The enzymes ALT, AST, LDH, and ALP are commonly used as clinical, functional indicators of hepatotoxicity (32). Increased AST, ALP, LDH, and ALP activity in leech-treated diabetic male rats compared to male diabetic rats indicates the presence of known and somewhat unknown compounds in leech saliva that can cause liver damage in rats. Cytoplasmic aminotransferases flow into the sinusoidal bloodstream when the integrity of the hepatocyte membrane of the liver is damaged. Enzyme escape can be caused by both cell destruction and increased cell membrane permeability (33). These results demonstrate that hirudotherapy in diabetic rats can produce several hepatocyte changes. Leeches are a source of prostaglandin-like substances with biological activity similar to prostacyclin (destabilase complex) with a molecular weight of 391 kDa but a completely unknown chemical structure that prevents platelet aggregation (33, 34). Noda et al. have shown that prostacyclin (PGI2) and prostaglandin analogs reduce mortality in groups treated with galactose amine poisoning, which suggests that changes in prostacyclin-induced blood flow may be responsible for the protective effects of liver cells (35). Therefore, it seems that the compounds in salivary secretions that enter the blood vessels where leeches come into contact can increase the dilation of blood vessels and cannot be responsible for liver damage. Also, Sahu et al. showed that oral administration of androstenedione in female rats two weeks before mating and throughout pregnancy at doses of 5, 30, and 60 mg/kg body weight did not cause liver damage (32). Therefore, such compounds found in leech saliva secretions do not appear to cause liver damage. Boada et al. showed that intraperitoneal injection of androgenic steroids at a dose of 5 mg/kg intraperitoneally for 4 days, 60 days, and 90 days caused abnormal changes in the nucleus and cytoplasm of liver tissue (36). Therefore, the presence of anabolic-androgenic steroid compounds and other unknown compounds appears to be responsible for exacerbating liver damage and other enzymatic changes in leech-treated diabetic rats. Also, these histological and serum changes may be due to the increase in the duration of leech treatment at each turn or the duration of leech treatment intervals in diabetic male rats treated with leeches.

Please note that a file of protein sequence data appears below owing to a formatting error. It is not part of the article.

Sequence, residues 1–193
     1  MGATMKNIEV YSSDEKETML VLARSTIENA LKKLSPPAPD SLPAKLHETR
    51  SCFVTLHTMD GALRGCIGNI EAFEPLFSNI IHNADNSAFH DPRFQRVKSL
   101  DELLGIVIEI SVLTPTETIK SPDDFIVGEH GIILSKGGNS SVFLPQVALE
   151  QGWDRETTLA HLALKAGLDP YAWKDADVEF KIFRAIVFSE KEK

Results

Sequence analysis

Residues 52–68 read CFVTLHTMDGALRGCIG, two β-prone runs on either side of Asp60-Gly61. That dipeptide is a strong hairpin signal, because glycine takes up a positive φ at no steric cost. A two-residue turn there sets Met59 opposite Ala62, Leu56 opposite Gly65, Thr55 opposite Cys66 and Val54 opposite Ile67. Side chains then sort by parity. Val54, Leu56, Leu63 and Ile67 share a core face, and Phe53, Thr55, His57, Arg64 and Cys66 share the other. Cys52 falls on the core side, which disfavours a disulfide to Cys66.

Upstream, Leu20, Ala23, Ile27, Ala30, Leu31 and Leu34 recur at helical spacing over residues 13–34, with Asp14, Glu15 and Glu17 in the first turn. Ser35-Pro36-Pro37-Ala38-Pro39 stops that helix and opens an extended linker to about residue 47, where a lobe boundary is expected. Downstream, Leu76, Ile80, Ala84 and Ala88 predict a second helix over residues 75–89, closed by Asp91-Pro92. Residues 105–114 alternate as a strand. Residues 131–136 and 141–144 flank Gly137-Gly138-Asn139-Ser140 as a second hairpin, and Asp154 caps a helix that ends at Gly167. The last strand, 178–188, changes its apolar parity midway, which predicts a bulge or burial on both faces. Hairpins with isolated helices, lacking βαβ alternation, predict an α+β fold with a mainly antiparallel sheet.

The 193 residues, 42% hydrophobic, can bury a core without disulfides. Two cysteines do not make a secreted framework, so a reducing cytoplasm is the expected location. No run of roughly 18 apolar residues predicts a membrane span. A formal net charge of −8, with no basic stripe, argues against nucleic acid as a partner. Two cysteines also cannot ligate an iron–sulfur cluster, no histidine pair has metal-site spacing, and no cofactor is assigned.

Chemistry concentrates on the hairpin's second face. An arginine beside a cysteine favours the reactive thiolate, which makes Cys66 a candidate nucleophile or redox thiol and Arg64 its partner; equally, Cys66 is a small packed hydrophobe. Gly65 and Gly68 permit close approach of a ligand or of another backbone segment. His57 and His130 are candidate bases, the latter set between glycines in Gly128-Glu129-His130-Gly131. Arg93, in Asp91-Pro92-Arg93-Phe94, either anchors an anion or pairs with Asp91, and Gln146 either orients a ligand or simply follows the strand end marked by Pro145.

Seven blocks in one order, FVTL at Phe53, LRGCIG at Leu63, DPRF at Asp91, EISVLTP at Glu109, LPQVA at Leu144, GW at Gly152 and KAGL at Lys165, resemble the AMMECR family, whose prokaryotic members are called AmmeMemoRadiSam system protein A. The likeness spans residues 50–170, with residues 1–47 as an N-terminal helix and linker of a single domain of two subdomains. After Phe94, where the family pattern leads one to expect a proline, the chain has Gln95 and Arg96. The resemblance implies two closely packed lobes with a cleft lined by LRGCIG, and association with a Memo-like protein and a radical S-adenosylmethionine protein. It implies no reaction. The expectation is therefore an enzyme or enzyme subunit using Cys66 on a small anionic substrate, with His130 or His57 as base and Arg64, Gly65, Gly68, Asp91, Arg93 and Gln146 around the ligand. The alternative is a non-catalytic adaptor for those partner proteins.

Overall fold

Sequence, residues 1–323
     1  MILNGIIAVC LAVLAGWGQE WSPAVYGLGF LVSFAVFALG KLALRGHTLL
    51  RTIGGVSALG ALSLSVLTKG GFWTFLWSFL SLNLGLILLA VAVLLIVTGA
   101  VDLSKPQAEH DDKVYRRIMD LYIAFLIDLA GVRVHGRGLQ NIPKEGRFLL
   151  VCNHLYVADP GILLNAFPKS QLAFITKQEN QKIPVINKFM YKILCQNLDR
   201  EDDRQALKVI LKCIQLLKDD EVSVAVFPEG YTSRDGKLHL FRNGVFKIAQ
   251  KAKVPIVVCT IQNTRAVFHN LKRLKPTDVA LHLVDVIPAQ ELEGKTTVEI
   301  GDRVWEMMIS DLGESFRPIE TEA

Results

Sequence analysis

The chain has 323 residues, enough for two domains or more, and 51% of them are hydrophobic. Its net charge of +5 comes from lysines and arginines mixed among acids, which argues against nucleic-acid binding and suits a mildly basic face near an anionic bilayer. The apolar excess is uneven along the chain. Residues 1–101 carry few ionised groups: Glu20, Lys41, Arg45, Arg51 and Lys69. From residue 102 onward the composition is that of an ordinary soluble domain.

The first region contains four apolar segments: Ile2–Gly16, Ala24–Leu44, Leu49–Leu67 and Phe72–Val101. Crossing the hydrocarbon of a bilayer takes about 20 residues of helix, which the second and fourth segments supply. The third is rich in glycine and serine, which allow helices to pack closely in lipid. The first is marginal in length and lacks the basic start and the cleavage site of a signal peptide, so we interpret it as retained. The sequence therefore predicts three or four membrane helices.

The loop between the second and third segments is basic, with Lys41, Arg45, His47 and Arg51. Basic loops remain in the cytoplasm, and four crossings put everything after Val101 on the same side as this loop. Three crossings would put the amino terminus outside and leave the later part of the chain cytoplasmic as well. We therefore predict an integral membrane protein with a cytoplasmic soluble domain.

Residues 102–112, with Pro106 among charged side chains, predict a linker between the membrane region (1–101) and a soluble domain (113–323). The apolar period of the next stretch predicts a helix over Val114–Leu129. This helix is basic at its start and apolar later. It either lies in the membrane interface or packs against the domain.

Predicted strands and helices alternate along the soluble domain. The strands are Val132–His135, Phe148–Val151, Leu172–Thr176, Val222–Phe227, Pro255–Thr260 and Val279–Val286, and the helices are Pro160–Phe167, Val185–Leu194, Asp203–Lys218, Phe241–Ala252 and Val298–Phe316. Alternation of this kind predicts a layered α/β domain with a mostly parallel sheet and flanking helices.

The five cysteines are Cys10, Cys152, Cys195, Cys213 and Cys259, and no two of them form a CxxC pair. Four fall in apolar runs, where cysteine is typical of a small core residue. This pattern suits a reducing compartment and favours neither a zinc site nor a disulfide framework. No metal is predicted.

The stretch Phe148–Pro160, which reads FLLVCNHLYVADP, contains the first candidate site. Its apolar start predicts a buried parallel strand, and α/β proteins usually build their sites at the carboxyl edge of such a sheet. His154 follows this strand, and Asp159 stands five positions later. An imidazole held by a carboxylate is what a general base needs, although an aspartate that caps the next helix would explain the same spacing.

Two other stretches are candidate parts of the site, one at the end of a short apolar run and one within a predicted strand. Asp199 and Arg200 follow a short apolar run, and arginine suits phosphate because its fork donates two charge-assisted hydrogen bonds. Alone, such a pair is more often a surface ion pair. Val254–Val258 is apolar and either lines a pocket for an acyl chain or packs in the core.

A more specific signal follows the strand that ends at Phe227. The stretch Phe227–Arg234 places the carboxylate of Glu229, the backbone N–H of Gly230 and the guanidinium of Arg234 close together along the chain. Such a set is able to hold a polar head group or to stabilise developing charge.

In male diabetic rats treated with leeches, the amount of secreted leech saliva is not controlled based on micrograms per kilogram. Our findings showed that the use of leech therapy in diabetic rats not only does not improve hypoglycemia compared to male diabetic rats but also significantly increases blood glucose compared to the diabetic group (Table 1), which is contrary to Mohammed's findings (37). According to previous findings, leech therapy can only heal foot ulcers in diabetics 30 days after leech treatment due to the anti-inflammatory action of bdellins and eglins in leech saliva (11), improving blood circulation and reducing anemia. The presence of carboxypeptidase, histamine-like substances, and acetylcholine accelerates the healing process (24, 38-40).